While looking for any new insurance policy, whether that is for your health, your house, your car or any item you can think of, one of the common questions you ask is how much is the claim processing time. Claims - a dreaded word for many who have bought
policies for various reasons. Many insurance companies have notoriously high turnaround times for the approving and then settling claims. Let us break down how claims processes work and why they take so much time.
Traditional or standard claims process for Health Insurance Claims
The claims process usually proceeds in predictable steps. Before you file a claim, you must notify people who may be responsible for the accident that you've been hurt and intend to file a claim for your injuries. This increases your chances of getting a
quick settlement and prevents others from later saying that your claim unfairly surprised them.
But beyond what you can do to get things working, let’s have a quick view under the hood of the Claims processing system and see what steps are usually followed in order to get things moving and system to generate the resulting claims approvals / rejections
and generating the payouts.
Thanks to the inputs provided by the Salter School (they conduct special training in the medical billing and coding skills that are needed for people to become Health Claims Specialists). Let us have a quick look at the full “life cycle” of just one medical
Step 1. Pre-registration
The medical biller or medical coder inputs the patient’s insurance information into the database and makes a copy the patient’s insurance card.
Step 2. Verify insurance information
If it’s a new patient or a new insurance policy, the health claims specialist talks with the patient to be sure the medical practice takes the insurance, and to be sure the patient understands his or her coverage.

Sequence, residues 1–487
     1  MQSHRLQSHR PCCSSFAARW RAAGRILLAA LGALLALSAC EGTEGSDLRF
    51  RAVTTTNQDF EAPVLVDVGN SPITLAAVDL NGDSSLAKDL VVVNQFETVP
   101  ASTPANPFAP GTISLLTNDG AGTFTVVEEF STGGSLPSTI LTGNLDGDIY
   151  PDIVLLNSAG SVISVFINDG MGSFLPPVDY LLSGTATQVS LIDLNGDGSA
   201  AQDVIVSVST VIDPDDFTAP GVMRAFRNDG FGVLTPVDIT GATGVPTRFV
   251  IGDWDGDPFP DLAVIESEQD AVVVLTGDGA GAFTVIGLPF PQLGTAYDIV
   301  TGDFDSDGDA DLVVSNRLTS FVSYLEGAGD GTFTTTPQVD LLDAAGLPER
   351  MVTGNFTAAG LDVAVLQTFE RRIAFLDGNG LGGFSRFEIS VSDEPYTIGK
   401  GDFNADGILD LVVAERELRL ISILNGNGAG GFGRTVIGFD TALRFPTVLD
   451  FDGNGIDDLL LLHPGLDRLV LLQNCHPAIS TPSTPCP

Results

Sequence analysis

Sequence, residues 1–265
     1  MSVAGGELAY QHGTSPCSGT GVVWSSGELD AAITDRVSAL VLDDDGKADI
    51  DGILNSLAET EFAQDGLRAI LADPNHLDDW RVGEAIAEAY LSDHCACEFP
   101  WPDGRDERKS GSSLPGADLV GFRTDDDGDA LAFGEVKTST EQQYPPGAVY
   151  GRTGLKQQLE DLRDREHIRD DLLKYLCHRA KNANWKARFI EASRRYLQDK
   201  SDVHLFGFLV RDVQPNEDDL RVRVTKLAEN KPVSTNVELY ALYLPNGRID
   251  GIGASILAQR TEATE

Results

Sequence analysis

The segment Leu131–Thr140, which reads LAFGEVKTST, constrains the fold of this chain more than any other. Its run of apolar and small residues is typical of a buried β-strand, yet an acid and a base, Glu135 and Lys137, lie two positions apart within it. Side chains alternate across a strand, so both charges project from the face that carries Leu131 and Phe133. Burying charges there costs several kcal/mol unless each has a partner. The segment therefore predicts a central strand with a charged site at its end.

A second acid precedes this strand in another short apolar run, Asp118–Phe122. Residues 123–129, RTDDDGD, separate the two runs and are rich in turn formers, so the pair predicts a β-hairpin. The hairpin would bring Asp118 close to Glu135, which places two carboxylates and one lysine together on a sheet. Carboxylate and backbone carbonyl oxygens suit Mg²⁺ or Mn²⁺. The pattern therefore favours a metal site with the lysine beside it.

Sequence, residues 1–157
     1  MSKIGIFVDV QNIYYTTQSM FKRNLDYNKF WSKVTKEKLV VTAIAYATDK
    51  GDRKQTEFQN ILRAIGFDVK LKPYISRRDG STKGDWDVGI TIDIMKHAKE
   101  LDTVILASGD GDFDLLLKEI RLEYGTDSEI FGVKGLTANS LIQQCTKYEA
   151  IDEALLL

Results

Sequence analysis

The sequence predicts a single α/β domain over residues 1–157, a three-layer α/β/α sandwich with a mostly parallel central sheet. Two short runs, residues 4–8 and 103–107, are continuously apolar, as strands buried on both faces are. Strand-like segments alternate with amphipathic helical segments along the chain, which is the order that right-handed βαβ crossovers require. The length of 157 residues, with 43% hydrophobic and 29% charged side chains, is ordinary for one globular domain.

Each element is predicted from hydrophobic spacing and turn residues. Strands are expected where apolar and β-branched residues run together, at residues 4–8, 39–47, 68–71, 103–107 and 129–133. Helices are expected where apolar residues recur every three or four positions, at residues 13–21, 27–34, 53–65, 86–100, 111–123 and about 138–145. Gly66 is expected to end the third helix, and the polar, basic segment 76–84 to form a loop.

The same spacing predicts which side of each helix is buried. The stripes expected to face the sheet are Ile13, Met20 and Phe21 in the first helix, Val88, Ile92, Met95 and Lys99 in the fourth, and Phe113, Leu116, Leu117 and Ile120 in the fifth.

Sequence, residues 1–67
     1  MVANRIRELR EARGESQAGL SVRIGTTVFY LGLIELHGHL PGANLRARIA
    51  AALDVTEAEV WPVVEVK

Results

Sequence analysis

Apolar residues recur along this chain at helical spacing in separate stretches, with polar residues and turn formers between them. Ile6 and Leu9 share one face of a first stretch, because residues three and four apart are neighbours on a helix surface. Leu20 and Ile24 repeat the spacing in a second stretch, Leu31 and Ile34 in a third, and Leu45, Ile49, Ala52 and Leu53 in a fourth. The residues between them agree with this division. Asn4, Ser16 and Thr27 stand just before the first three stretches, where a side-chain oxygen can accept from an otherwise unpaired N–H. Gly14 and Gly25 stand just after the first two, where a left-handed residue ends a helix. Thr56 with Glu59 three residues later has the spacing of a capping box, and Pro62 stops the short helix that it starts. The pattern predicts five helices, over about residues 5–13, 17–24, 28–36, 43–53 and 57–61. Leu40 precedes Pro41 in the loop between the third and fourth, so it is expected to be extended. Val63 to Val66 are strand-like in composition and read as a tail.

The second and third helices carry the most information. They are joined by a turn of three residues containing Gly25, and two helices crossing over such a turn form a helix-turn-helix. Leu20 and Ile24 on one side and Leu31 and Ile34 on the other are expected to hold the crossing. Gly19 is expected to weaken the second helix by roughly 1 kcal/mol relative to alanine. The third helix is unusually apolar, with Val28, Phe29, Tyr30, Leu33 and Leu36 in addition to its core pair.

Step 3. Record the services the patient received
Next, the doctor, nurse, or other healthcare provider examines the patient, provides a diagnosis, and performs any necessary services. The healthcare provider then records this information in the patient’s Electronic Health Record (EHR).
Step 4. Collect patient payment
At time of check-in or check-out, the patient will pay a co-pay, co-insurance, deductible, or other out-of-pocket expenses, depending on their insurer’s policy. This money goes to the medical practice.
Step 5. Assign medical codes
The medical coder reviews the patient’s Electronic Health Record and assigns diagnosis codes from the International Classification of Diseases (ICD-10). If procedures were performed, the coder assigns procedure codes from the Current Procedural Terminology
list. This has to be done accurately to ensure that the provider is paid correctly.
Step 6. Submit a claim
After the codes and patient payments have been documented, the medical biller or coder can generate the insurance claim. It is then submitted to the insurance company, Medicaid, or Medicare, depending on how the patient is covered.
Step 7. Receive and post payment
If the claim has been submitted correctly, the payer will send payment to the medical practice, and the medical biller will post the payment to the practice’s account. Medical billers and coders are sometimes responsible for tracking down payments that are
late or fixing claims that may have been submitted with errors.
One of the chief concerns of the medical biller and coder is accuracy. Inaccurate coding can lead to unpaid claims and late revenue for the medical service provider. Medical coders need to be detail-oriented, organized, and analytical, so that they can use
a critical eye toward the procedures, diagnoses, coding, and insurance claims.
Now as explained nicely in the steps above seems most of these processes can be automated if the touch points are expedited with relevant automation. Many more layers of validations are added if the Insurer has introduced multi layered loyalty points program
to give benefits to their insures. A diagram from the blog of insights.axtria.com explains the further layer of validations. All these layers will definitely contribute to the timeline of the claims process.